Index trackers take a very active view

As the FTSE reshuffle this week told a tale of our times, index investing involves sticking with the winners.

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  1. Charles Stanley

An equity index is a moving portrait of the economic health and direction of a nation or economic area. Each quarter, the compilers of the main indices of the world make changes to their Index composition. The FTSE 100 in the UK holds the 100 largest UK-quoted companies. The S&P 500 holds the 500 largest US names. At the quarter end, out go the less successful companies whose market values have been falling, and in come replacements whose share prices and market values have been rising.

This time the changes to the FTSE 100 index removed three companies damaged by the Covid-19 crash, and one that is on the wrong side of the green divide. Both easyJet and Carnival offer holidays by air or by cruise liner. Their businesses have been temporarily stopped by the bans brought in to control the pandemic. There are doubts about how long it will take to get their business back. Have their markets have been sentenced to a less prosperous future as pressures intensify against fuel-hungry travel for pleasure and as some people worry about the risks more?

Meggitt has dropped out, also damaged by the changes in aviation. Producing high-grade engineered products for planes, it faces fewer orders from the civil side of the airline industry for some time ahead. Centrica, the gas supplier has also been demoted. Whilst it is still an important utility supplying a lot of heating and energy to people's homes, it has been disadvantaged by the fall in oil and gas prices and by the strong policy thrust to reduce our dependence on fossil fuels.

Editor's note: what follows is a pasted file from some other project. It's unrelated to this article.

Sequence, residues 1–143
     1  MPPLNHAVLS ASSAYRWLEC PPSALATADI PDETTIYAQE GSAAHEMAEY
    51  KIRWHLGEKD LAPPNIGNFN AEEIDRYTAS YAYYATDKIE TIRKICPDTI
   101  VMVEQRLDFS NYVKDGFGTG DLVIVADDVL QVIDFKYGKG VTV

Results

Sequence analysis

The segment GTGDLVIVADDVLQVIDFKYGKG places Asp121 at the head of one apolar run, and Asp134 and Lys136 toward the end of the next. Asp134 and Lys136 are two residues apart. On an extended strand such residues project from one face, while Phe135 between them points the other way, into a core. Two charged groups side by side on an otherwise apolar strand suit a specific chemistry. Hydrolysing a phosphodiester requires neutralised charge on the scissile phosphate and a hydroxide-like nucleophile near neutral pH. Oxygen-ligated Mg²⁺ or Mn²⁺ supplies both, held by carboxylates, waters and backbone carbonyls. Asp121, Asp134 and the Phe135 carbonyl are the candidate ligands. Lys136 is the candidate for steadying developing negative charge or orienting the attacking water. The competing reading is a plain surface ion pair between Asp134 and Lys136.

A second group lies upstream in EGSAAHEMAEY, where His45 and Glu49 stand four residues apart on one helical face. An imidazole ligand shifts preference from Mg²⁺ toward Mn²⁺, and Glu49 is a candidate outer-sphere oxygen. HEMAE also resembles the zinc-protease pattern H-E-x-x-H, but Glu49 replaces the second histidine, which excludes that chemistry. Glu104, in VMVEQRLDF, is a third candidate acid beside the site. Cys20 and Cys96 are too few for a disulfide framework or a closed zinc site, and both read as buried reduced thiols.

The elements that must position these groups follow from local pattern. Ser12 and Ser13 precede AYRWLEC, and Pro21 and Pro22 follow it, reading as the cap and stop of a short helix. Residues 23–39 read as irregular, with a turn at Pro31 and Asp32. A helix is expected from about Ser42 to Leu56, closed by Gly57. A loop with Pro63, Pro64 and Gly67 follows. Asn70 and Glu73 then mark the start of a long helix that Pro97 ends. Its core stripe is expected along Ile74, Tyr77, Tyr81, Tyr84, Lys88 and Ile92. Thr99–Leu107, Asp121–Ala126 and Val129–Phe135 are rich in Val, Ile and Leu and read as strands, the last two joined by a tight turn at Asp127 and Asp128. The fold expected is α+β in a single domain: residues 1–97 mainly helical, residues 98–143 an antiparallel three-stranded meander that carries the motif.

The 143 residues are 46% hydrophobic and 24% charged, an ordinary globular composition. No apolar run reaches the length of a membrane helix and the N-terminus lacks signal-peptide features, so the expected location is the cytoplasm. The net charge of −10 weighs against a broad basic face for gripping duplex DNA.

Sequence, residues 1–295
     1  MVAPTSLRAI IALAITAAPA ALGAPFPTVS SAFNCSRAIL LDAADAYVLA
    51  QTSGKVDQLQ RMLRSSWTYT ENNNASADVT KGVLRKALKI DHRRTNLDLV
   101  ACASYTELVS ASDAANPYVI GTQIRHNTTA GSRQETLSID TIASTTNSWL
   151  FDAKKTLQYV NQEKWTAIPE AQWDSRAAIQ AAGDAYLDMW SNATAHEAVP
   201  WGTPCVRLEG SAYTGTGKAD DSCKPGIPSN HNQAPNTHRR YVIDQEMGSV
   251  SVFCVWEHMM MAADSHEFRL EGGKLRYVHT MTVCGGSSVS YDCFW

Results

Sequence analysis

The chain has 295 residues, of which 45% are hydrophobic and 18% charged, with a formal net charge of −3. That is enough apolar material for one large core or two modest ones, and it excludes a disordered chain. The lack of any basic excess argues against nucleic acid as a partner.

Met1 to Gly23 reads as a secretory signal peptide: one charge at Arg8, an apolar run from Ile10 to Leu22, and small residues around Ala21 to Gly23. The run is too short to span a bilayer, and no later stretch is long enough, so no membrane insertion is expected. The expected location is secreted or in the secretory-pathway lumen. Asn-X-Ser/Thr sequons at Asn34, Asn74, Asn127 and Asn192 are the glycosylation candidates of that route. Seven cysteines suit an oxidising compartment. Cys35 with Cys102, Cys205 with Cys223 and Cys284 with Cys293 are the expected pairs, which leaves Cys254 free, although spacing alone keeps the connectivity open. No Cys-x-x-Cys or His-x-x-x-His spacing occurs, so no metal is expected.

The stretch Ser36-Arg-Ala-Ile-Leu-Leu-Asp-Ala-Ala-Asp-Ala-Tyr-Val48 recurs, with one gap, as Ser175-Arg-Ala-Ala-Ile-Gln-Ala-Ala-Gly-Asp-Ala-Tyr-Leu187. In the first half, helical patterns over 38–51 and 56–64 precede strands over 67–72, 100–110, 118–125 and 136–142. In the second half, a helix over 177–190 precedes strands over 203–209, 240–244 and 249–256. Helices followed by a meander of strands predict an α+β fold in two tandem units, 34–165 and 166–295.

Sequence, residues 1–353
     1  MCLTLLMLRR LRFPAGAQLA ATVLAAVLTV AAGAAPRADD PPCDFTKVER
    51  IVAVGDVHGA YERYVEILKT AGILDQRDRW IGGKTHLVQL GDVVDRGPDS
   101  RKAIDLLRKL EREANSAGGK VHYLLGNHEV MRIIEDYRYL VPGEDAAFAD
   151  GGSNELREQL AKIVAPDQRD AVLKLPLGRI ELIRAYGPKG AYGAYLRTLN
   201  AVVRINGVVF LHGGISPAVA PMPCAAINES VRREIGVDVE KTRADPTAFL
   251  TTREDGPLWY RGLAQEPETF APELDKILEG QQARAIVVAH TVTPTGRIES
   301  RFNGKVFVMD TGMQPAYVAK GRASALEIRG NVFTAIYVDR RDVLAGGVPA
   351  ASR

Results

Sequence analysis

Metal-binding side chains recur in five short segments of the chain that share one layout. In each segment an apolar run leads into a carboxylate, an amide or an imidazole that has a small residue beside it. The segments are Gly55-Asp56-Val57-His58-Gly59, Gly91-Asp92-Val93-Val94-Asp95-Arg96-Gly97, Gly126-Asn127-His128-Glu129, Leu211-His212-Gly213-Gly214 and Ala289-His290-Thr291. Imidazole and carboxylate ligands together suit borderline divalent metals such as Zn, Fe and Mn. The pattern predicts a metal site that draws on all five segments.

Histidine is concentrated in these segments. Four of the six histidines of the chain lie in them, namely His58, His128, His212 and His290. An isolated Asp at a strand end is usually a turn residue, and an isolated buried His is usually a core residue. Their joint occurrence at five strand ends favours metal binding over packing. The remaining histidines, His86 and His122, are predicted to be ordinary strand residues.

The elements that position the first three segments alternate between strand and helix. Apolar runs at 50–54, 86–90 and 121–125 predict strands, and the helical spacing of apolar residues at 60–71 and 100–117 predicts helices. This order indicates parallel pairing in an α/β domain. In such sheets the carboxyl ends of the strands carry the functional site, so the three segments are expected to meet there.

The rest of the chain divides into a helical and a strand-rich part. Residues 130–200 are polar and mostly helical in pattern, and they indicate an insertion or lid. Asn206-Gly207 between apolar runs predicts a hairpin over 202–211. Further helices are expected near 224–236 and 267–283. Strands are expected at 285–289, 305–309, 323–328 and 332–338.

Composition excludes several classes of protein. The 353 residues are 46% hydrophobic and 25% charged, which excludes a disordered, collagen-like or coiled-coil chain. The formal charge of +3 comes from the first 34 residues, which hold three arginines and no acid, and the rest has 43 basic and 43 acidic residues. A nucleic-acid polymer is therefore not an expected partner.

A reflection of the turbulent times

These changes are a perfect cameo of our times. The companies coming in include two winners from the Covid-19 revolution. Avast is a cyber software specialist at a time when many people are adding to their home computing capacity and strengthening security, and when businesses are equipping many more people to work remotely from home.

Homeserve is a company that services and repairs domestic equipment, which should have plenty of work now so many more people are spending so much more time in their own properties. The return of Ladbrokes, owned by GVC, and the promotion of Kingfisher are two more traditional businesses. They too are clearly getting some benefit from current straightened circumstances. Kingfisher has now reopened its B&Q stores and is doing a good trade as people kept at home decide on some DIY. It appears online gambling too can help pass the time.

The FTSE 100 Index was first established in 1984. Only one-quarter of the businesses that were in it on 3 January that year are still with it today. Some have been taken over for a good price. Some have closed or gone bankrupt. Some have drifted down the size league owing to trading difficulties. The big building supply companies, RMC, Redland, BPB and Blue Circle were all acquired by foreign interests and left the Index.